Septic shock is frequent in children and is associated with high mortality and morbidity rates. Early recognition of severe sepsis improve outcome. Shock index (SI), ratio of heart rate (HR) and systolic blood pressure (SBP), may be a good noninvasive measure of hemodynamic instability that has been poorly studied in children. The aim of the study was to explore the usefulness of SI as an early index of prognosis for septic shock in children.
The study was retrospective and performed in 1 pediatric intensive care unit at a university hospital. The following specific data were collected at 0, 1, 2, 4, and 6 hours after admission: HR and SBP for SI calculation and lactate concentration. Patients were divided into 2 groups according to their outcome (death/survival).
A total of 146 children admitted with septic shock between January 2000 and April 2010 were included. Shock index was significantly different between survivors and nonsurvivors at 0, 4, and 6 hours after admission (P = 0.02, P = 0.03, and P = 0.008, respectively). Age-adjusted SIs were different between survivors and nonsurvivors at 0 and 6 hours, with a relative risk of death at these time points of 1.85 (1.04–3.26) (P = 0.03) and 2.17 (1.18–3.96) (P = 0.01), respectively. Moreover, an abnormal SI both at admission and at 6 hours was predictive of death with relative risk of 1.36 (1.05–1.76).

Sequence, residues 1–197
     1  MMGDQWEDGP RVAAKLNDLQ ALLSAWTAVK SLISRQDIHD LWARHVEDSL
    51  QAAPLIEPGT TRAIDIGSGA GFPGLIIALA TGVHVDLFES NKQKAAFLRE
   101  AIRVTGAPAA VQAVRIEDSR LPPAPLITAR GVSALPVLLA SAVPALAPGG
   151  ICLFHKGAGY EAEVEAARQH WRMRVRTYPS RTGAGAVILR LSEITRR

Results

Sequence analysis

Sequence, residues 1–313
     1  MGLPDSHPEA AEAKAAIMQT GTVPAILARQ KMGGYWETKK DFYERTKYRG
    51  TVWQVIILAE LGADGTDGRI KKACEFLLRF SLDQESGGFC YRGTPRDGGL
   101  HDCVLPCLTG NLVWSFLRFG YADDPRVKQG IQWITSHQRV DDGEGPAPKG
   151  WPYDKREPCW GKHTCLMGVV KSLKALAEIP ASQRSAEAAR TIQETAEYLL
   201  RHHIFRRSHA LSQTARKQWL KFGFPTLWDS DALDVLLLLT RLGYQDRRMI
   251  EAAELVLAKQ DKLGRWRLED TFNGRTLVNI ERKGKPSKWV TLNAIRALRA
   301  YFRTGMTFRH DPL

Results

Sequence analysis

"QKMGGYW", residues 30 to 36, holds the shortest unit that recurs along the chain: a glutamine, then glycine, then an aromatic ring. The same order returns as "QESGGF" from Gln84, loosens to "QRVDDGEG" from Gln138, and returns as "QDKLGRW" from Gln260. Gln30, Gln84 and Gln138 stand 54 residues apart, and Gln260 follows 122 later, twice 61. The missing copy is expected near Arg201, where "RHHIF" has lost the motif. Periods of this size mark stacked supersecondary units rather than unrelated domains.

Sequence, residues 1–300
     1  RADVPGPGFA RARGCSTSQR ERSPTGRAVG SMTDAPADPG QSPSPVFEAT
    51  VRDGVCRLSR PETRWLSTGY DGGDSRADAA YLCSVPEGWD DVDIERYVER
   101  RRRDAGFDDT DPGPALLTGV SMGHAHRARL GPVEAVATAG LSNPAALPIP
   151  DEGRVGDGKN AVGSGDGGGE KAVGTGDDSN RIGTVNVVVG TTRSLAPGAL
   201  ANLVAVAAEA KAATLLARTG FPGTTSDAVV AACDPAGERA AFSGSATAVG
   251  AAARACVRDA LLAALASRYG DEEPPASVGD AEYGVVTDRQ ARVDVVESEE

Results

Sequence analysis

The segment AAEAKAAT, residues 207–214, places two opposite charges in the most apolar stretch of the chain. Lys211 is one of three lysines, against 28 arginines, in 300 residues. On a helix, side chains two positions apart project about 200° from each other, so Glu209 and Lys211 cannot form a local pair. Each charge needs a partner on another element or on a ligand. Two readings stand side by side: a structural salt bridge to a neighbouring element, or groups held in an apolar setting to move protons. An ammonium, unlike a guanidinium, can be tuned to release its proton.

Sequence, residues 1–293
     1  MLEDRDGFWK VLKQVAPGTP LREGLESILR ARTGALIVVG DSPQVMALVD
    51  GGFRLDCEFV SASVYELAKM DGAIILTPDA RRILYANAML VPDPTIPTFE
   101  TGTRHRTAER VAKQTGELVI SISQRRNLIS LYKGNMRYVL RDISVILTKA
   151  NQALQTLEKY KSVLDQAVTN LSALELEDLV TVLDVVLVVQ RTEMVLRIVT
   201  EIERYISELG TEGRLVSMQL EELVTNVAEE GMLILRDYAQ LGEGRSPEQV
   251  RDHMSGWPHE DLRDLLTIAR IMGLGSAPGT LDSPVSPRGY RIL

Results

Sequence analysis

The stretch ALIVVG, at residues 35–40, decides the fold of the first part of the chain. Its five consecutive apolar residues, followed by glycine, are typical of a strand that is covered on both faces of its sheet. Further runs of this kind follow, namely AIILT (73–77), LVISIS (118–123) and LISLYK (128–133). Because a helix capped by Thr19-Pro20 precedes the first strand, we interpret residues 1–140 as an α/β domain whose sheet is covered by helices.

In our population of children with septic shock, SI was a clinically relevant and easily calculated predictor of mortality. It could be a better measure of hemodynamic status than HR and SBP alone, allowing for the early recognition of severe sepsis.
From the *Pediatric Intensive Care Unit, Jeanne-de-Flandre Hospital; †Department of Epidemiology and Public Health, Calmette Hospital, CHU de Lille; and ‡Univ Lille Nord de France, UDSL-EA 2694, Lille, France.
Disclosure: The authors declare no conflict of interest.
Reprints: Francis Leclerc, MD, PhD, Service de Réanimation Pédiatrique, hospital Jeanne de Flandre, 59037 Lille Cedex, France (e-mail: email@example.com).